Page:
With a degree in biochemistry, Leah works for a small biotechnology company and enjoys writing about science.
What Is Blood Type?
Red blood cells (called erythrocytes) have a type of antigen on their surface. Composed of sugar molecules, these antigens are called agglutinogens. There are two types of agglutinogens: type A and type B. The type of antigen on the surface of your red blood cells determines your blood type.
There are four basic blood types, made up from combinations of the type A and type B antigens.
Type A: The red blood cells have the type A agglutinogen.
Type B: The red blood cells have the type B agglutinogen.
Type AB: The red blood cells have both type A and type B agglutinogens.
Type O: The red blood cells do not have any agglutinogens at all.
There is another protein (called Rh factor) that is sometimes found on red blood cells. If a person has Rh factor, their blood type is called “Rh positive.” An individual lacking this protein is called “Rh negative.” Combined with the ABO blood types described above, a person may be A+, A-, B+, B-, AB+, AB-, O+, or O-.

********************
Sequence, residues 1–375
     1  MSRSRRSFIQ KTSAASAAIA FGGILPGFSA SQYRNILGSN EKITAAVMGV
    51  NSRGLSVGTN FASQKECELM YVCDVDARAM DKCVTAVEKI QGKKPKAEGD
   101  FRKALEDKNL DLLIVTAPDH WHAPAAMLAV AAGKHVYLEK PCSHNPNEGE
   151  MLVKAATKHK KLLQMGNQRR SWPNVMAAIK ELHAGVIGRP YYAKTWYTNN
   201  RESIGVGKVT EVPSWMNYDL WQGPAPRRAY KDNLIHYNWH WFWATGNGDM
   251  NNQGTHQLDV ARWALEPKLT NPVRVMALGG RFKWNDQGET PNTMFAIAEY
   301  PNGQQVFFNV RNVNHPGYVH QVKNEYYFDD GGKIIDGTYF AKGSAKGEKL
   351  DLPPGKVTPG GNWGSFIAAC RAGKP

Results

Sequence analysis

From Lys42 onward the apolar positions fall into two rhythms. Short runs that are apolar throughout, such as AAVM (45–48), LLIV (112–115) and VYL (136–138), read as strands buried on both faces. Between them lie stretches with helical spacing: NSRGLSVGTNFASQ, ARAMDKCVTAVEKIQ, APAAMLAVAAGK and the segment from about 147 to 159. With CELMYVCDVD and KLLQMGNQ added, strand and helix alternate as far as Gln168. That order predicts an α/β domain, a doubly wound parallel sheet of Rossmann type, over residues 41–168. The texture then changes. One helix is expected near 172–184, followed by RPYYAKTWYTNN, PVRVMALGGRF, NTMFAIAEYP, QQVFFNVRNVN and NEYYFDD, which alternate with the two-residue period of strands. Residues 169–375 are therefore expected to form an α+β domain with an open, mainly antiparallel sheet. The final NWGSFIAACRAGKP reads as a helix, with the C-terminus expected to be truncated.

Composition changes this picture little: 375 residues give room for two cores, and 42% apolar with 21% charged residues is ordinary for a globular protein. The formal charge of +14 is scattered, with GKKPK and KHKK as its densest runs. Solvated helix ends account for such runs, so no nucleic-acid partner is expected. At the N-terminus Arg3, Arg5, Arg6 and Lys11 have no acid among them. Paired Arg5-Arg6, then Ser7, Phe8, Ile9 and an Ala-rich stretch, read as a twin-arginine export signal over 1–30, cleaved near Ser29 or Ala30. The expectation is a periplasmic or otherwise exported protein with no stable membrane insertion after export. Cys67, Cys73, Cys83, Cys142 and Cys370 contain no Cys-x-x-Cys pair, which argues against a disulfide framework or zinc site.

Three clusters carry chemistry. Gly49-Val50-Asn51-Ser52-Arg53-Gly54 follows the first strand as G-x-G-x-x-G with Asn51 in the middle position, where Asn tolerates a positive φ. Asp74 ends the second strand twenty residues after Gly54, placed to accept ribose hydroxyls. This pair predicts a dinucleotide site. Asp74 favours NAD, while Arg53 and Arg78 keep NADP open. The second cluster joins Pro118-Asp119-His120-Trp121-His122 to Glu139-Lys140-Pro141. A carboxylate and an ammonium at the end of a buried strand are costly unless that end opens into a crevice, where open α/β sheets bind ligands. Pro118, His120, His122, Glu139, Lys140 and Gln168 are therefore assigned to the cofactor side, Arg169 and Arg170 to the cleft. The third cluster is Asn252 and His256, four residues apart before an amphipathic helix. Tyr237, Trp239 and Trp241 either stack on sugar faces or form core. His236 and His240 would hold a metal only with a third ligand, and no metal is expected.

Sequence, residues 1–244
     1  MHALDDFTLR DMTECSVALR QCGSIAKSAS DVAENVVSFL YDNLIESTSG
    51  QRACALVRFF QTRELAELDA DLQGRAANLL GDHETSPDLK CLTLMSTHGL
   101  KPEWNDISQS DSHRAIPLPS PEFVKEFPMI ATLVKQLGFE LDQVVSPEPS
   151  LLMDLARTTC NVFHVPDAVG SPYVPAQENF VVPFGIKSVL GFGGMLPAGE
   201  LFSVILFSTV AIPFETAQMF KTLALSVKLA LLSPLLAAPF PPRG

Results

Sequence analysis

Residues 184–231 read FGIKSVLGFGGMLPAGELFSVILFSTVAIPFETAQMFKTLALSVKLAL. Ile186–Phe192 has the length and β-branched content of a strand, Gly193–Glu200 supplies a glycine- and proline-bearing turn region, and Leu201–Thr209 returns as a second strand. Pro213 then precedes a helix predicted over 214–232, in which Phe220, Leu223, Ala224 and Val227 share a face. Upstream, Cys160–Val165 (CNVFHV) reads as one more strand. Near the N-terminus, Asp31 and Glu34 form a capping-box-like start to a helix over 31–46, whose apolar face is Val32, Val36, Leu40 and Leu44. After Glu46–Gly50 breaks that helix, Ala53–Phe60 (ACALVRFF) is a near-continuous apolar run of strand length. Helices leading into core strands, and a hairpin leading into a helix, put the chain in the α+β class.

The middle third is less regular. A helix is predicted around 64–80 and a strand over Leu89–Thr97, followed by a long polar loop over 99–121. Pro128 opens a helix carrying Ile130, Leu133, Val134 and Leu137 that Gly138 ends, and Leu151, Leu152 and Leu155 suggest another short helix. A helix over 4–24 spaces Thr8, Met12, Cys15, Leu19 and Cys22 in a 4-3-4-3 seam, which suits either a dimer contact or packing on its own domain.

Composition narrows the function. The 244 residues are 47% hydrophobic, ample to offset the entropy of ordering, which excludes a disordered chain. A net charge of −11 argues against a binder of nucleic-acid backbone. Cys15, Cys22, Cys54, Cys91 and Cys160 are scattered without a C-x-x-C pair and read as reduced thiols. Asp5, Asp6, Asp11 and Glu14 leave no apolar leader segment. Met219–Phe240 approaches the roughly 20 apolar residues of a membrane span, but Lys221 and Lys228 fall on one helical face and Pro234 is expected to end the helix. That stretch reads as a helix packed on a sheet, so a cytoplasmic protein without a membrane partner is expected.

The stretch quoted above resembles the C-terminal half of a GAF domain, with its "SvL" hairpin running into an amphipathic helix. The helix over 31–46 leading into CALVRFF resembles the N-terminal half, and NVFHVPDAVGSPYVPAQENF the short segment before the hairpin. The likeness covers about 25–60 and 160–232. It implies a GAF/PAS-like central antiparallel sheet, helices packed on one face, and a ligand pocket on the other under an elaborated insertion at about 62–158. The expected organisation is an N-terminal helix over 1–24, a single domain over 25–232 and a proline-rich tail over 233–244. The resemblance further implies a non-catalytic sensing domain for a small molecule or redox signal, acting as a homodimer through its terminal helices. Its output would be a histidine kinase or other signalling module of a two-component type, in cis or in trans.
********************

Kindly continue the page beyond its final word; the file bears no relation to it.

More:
Blood Types Around the World
Blood types vary depending on the geographical region: Scandinavians have a high probability of carrying the A blood type, while those indigenous to central Asia are more likely to carry the B blood type. The O blood type is the most common blood type around the world.
According to the National Center for Biotechnology Information (a molecular biology resource funded by the government), the breakdown of blood type by region is:
Blood Type A: Central and Eastern Europe